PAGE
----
Did you ever incorporate?

No, I have a simple "self-employed" French status which I intend to keep as long as possible, because it's so easy to deal with. I also have my girlfriend helping me with legal stuff.

What've you done to grow your user base?

At first it was just word-of-mouth: my friends would show it their friends. Having a nice-looking product helped a lot with this, because sometimes even people who hadn't used it would share it simply because it looked new and cool. I ran a small Google ad at some point (1€/day), to try the platform and burn the 75€ free credits that they wouldn't stop offering me. The results weren't very good. There were lots of bounces and a very low conversion rate (~1%).

Later, I purchased some more targeted ads in the RubyWeekly and WebopsWeekly newsletters. Those had a 5 times better conversion rate, and most importantly were hitting the right people. I didn't renew the ads, because I think hitting the same people again would be counterproductive. Finally, I tried some Twitter ads too, which had a better yield than Google, because it's easier to target in my opinion.

The best marketing returns I got were free, and there were 3 of them:

  • Hacker News: I got to the front page in late 2014, which got me more than 100 active users.
  • ProductHunt: Someone posted without me knowing, and this also got me more than 100 active users in the following weeks.
  • Slack Platform: I was one of the first apps to be a part of the Slack platform when they launched in late 2015, and this drove a lot of users to (more than 500 active users).

What have been your biggest challenges so far?

I'm pretty comfortable with technical stuff, so for me the biggest challenges lie elsewhere: dealing with customers on the human side, marketing, advertising, explaining what I do to other people, etc. I'm pretty sure at some point I'll manage to help my parents understand what is. ;-)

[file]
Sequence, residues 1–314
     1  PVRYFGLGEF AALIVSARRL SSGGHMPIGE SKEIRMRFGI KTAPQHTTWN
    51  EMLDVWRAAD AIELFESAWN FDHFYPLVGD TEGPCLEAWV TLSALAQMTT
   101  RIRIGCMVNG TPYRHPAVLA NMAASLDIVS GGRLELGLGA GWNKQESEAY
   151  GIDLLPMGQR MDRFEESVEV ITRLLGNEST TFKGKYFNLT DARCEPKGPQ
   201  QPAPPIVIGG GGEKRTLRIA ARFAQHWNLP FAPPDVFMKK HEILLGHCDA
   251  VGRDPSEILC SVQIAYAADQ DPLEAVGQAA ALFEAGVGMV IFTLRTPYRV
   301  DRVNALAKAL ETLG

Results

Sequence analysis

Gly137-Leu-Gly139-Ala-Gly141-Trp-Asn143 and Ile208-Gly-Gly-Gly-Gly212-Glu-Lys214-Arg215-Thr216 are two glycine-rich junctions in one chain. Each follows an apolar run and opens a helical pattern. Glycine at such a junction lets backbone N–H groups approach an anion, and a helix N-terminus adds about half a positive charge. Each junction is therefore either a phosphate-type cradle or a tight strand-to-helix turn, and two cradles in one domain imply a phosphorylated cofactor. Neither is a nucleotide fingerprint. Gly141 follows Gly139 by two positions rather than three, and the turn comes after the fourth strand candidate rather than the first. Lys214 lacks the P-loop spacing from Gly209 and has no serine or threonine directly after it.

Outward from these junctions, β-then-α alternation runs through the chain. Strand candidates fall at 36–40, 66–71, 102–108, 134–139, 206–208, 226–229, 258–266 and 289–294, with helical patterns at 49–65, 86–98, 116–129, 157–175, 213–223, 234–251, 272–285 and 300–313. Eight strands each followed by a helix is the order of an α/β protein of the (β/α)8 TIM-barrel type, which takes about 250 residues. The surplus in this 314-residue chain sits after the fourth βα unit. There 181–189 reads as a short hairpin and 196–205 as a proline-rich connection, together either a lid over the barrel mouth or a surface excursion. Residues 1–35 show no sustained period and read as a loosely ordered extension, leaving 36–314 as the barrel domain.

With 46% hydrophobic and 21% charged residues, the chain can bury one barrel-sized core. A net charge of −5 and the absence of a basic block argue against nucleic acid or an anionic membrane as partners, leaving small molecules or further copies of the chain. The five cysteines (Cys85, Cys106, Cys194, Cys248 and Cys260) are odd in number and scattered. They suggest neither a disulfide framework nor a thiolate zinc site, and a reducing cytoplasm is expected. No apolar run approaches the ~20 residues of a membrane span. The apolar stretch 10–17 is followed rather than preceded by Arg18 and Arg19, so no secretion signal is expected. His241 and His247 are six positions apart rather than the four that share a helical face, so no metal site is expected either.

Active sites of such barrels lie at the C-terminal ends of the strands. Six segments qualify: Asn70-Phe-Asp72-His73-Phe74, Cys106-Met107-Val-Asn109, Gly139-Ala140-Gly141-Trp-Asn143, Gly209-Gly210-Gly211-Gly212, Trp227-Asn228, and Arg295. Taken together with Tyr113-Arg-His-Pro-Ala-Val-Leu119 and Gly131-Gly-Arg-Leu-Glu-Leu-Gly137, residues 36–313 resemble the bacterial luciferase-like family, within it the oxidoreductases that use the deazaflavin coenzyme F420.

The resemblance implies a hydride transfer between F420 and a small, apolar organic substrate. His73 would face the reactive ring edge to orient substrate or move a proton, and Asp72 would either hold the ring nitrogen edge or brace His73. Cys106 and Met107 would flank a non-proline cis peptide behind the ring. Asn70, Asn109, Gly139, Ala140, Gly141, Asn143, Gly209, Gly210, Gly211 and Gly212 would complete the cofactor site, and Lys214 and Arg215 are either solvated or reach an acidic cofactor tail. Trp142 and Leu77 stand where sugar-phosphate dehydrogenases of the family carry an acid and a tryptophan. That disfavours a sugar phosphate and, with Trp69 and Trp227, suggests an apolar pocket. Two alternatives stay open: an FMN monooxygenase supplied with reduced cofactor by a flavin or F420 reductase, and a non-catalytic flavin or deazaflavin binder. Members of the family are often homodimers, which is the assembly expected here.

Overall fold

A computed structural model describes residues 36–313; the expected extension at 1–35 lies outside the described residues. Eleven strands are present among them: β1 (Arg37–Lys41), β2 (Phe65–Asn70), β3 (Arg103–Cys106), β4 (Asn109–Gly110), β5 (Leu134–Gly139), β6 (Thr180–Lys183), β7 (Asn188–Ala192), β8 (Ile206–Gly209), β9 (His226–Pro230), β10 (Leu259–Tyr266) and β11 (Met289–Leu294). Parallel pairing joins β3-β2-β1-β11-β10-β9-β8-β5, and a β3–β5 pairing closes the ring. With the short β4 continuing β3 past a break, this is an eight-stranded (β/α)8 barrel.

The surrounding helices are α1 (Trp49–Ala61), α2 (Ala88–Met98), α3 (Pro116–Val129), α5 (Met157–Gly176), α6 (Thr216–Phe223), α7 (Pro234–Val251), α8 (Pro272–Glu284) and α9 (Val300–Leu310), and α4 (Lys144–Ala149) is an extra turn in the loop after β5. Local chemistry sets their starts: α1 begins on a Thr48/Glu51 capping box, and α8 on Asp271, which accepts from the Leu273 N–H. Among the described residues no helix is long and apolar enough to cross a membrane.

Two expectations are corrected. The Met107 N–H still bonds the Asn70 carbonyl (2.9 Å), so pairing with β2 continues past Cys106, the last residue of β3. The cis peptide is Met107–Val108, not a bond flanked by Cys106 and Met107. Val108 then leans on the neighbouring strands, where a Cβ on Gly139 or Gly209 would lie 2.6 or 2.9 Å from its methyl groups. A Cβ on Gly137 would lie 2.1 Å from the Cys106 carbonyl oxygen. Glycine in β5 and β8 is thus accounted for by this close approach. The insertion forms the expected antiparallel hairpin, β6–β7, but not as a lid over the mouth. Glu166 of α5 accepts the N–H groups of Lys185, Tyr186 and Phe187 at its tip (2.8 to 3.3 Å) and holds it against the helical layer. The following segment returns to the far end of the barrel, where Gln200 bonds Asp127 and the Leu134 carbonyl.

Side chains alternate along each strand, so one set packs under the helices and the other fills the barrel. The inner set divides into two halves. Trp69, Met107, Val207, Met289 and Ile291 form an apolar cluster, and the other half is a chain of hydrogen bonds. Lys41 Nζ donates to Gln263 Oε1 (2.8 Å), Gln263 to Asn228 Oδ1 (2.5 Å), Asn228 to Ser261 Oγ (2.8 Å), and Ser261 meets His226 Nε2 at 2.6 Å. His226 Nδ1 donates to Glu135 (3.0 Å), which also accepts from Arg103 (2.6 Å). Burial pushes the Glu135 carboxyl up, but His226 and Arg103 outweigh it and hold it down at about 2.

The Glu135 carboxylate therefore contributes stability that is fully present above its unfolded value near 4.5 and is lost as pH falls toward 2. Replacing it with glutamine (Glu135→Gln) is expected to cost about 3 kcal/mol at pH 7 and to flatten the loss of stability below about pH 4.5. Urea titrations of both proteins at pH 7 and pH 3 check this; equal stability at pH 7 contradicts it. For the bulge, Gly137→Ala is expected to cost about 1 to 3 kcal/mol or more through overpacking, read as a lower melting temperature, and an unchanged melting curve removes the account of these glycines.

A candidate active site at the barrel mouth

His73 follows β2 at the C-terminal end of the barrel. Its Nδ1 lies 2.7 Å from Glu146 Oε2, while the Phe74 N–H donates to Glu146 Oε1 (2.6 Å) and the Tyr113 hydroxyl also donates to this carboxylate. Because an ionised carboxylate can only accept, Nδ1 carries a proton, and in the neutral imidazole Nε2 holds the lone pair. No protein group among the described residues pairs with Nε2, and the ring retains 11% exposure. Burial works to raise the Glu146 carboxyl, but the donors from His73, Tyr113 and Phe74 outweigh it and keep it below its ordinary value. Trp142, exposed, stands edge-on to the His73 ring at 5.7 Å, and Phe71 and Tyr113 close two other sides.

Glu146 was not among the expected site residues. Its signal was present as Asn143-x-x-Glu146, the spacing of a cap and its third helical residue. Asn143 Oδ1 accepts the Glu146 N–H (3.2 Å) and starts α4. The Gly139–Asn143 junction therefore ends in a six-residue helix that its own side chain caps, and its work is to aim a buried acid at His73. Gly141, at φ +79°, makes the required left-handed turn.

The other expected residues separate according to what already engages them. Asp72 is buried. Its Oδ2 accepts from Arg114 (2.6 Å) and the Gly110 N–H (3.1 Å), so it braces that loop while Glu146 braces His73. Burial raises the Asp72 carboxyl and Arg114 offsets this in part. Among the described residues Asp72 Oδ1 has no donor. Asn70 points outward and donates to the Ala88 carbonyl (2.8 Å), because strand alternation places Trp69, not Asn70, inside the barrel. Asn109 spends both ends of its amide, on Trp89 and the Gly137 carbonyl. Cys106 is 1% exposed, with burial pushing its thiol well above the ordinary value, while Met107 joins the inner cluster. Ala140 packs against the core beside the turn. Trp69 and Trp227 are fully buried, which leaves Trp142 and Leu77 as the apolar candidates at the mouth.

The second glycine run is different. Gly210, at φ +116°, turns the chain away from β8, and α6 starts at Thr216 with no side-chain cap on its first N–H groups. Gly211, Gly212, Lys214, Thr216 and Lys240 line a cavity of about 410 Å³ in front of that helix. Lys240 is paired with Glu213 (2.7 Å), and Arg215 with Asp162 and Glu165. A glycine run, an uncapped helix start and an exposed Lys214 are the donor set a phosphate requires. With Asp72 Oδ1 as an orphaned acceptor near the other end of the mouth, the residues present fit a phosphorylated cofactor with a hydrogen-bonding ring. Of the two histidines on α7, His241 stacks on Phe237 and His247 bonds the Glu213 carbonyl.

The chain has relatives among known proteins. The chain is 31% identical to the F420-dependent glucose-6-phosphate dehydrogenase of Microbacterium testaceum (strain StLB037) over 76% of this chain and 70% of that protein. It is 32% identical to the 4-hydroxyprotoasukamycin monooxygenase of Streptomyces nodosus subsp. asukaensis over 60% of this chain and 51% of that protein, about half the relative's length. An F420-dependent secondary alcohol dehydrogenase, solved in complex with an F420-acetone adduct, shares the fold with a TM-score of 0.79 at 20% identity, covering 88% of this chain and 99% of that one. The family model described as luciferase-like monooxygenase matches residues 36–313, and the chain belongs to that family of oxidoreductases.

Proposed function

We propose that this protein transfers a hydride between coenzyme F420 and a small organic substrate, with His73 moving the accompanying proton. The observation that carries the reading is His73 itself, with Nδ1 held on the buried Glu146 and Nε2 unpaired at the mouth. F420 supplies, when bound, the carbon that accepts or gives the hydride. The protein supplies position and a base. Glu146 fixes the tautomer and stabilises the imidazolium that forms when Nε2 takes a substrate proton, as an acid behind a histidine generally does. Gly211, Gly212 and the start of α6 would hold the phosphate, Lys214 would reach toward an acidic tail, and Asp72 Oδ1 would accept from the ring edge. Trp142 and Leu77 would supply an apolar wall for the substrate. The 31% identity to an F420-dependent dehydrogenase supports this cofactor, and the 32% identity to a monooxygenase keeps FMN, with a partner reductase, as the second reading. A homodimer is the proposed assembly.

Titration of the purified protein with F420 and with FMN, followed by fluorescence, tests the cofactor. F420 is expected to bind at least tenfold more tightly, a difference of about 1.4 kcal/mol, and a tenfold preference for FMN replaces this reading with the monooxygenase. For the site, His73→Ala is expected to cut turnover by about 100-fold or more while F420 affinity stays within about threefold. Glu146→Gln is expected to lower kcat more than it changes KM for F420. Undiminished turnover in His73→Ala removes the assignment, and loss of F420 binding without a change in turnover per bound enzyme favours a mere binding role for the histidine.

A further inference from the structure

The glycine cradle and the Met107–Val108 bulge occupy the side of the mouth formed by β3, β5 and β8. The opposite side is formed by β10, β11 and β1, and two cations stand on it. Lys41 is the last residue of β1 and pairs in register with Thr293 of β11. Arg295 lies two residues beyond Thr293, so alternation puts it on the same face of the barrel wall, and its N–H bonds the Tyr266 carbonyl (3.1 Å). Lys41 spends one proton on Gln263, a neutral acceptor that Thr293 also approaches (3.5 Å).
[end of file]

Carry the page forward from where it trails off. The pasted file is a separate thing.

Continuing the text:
What's gone well? Has anything been super helpful?

UI. Unlike most developers, I like design, and I hate using awful interfaces. I spent a lot of time working on's UI/UX, because I wanted to make it not only cheap and simple, but also good looking. And, surprisingly, many more people than I expected noticed my effort and really liked because of this. This has been not only rewarding for my work, but it's also helped adoption through word-of-mouth.

Also, I've tried to offer outstanding support with my product, as this can really help gain your customer's trust when you're a new product. It's working great so far, as people have been so happy with the support that they've shared their experiences on Twitter.

Finally, and this wasn't under my control, but being part of the Slack platform has been really helpful for attracting new customers.

What's your advice for aspiring indie hackers?

I'd say take your time, and don't set high expectations. Keep your costs low, so you can try to learn everything at your own pace, and use your project to experiment. It's a wonderful experience working on whatever you want to without pressure.

Where can we learn more?

For a bit more about me there is my personal website. Otherwise, I would suggest contacting me directly or leaving a comment below: